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In linux, given an offset into a raw disk device, is it possible to map back to an partition + inode?

For example, suppose I know that string "xyz" is contained at byte offset 1000000 on /dev/sda: (e.g. xxd -l 100 -s 1000000 /dev/sda shows a dump that begins with "xyz")

1) How do I figure out which partition (if any) offset 1000000 is located in?(I imagine this is easy, but am including it for completeness)

2) Assuming the offset is located in a partition, how do I go about finding which inode it belongs to (or determine that it is part of free space) ? Presumably this is filesystem specific, in which case does any one know how to do this for ext4 and ext3?

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It is definitely possible and a few years ago I saw the HOWTO somewhere in the internet. The trick involves some math on different parameters of the filesystem and partition table. Try to search for it. This could be useful: unix.stackexchange.com/questions/37119/… – Serge Oct 21 '12 at 22:13
up vote 4 down vote accepted

I just had to do a similar thing, so I thought I'd share my solution.

You can see which partition a drive byte offset belongs to by checking the 'offset' and 'size' elements of the udisks --show-info output; e.g.

user@host:~$ sudo udisks --show-info /dev/sda1 | grep -i 'offset'
    offset:                    1048576
    alignment offset:          0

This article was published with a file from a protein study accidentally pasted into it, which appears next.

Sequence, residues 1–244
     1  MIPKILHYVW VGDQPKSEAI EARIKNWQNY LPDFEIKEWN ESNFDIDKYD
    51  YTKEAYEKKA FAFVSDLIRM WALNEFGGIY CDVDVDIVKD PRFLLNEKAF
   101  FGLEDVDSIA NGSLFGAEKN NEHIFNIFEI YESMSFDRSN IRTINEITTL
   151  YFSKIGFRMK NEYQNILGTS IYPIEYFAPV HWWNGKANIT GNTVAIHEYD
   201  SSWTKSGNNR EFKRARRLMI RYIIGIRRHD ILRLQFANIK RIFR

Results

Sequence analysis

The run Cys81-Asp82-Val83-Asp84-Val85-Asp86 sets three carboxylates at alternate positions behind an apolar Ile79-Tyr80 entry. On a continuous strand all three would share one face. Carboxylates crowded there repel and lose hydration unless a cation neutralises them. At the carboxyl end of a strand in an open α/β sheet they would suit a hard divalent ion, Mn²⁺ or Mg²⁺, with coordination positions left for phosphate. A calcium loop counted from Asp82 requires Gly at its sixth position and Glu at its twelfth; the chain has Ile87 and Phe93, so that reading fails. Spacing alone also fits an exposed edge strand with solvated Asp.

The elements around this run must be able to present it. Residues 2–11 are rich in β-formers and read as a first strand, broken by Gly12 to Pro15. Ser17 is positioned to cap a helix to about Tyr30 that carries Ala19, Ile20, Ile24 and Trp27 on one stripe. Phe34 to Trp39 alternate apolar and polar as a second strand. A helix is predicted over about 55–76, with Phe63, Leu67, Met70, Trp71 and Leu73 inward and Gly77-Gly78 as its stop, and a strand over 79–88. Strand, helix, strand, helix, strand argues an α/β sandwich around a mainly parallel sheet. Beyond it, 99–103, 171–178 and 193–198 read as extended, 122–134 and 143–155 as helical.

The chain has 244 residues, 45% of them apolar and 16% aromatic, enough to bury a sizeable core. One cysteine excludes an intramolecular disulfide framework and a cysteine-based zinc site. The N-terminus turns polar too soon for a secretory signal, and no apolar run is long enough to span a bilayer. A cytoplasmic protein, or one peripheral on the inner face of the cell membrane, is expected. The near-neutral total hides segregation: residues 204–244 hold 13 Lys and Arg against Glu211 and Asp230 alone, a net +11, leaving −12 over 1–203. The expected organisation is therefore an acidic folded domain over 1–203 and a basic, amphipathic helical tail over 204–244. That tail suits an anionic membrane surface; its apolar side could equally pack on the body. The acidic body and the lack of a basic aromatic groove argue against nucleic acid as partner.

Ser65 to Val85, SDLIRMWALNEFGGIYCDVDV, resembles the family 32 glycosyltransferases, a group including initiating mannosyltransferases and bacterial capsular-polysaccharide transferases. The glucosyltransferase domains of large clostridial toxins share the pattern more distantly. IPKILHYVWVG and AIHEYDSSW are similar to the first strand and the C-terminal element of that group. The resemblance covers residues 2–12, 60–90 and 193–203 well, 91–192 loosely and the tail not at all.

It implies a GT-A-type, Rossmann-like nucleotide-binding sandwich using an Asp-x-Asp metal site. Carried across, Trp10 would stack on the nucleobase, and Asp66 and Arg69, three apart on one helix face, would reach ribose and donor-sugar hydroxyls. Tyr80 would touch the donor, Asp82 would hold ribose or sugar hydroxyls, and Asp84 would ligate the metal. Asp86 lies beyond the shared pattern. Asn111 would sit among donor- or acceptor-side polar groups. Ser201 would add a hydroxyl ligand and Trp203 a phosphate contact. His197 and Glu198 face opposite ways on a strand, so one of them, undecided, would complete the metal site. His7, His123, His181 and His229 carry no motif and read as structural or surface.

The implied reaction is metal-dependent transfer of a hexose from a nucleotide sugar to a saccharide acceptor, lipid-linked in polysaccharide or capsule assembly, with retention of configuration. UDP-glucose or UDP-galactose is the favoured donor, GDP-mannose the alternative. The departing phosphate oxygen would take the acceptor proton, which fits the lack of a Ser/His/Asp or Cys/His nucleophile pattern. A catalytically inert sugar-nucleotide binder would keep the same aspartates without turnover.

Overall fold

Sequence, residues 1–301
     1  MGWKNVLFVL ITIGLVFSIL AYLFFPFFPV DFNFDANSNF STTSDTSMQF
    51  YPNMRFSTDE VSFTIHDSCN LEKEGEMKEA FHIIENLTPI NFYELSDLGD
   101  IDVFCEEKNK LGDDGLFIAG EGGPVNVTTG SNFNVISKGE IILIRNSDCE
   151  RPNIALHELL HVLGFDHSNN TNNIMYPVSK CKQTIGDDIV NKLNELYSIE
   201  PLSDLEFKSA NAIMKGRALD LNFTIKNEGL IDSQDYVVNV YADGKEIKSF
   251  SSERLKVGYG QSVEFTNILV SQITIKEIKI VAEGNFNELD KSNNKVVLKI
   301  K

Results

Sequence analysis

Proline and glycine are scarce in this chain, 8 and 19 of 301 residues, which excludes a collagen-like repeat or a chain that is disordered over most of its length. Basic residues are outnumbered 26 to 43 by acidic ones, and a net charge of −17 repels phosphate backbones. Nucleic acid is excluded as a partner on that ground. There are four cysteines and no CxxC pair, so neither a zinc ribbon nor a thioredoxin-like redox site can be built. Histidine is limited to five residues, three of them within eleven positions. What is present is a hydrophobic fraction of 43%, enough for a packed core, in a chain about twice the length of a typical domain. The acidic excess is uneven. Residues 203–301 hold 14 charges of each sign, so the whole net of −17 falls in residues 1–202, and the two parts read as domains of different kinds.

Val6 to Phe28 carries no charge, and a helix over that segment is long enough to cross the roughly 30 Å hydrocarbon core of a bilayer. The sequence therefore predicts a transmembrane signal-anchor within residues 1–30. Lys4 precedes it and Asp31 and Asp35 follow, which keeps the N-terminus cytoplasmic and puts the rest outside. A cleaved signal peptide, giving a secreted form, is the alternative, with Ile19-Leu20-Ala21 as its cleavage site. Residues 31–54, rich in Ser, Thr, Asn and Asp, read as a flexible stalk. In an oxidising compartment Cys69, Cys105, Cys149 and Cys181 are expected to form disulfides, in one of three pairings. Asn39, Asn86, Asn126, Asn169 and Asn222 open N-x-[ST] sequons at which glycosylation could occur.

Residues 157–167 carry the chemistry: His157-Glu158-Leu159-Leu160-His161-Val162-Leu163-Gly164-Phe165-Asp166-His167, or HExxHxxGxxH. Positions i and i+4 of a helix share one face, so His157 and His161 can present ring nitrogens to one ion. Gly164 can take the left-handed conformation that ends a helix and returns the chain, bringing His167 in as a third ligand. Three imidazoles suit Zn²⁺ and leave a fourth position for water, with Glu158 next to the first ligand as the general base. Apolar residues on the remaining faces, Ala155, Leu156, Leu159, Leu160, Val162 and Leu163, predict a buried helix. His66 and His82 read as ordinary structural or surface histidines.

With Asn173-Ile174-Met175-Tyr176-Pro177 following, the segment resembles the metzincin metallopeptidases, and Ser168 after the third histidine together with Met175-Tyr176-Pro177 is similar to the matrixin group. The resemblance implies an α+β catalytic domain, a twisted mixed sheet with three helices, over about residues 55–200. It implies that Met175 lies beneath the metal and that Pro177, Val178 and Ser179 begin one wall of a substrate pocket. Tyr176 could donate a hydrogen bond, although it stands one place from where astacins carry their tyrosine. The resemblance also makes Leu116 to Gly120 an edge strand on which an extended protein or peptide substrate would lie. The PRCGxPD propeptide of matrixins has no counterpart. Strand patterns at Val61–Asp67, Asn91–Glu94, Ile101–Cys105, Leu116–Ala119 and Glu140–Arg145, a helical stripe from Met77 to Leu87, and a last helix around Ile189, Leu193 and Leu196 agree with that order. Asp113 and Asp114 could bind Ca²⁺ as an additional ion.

Subtract this offset from the disk offset to get the byte offset into the partition. So disk offset (10000000) in /dev/sda is partition offset (10000000 - 1048576) = 8951424 in /dev/sda1

You can find out how large blocks are in a partition using the following command:

user@host:~$ sudo tune2fs -l /dev/sda1  | grep -i 'block size'
Block size:               4096

Divide the partition byte offset by the block size to determine the block offset, in this case 8951424 / 4096 = 2185

Run the following command to find out what inode occupies that block:

user@host:~$ sudo debugfs -R "icheck 2185" /dev/sda1
debugfs 1.41.11 (14-Mar-2010)
Block   Inode number
2185    123456 

then the following command to find out what the filename is for that inode:

user@host:~$ sudo debugfs -R "ncheck 123456" /dev/sda1
debugfs 1.41.11 (14-Mar-2010)
Inode   Pathname
123456  /tmp/some-filename.txt

There's a longer description of how this at http://www.randomnoun.com/wp/2013/09/12/determining-the-file-at-a-specific-vmdk-offset

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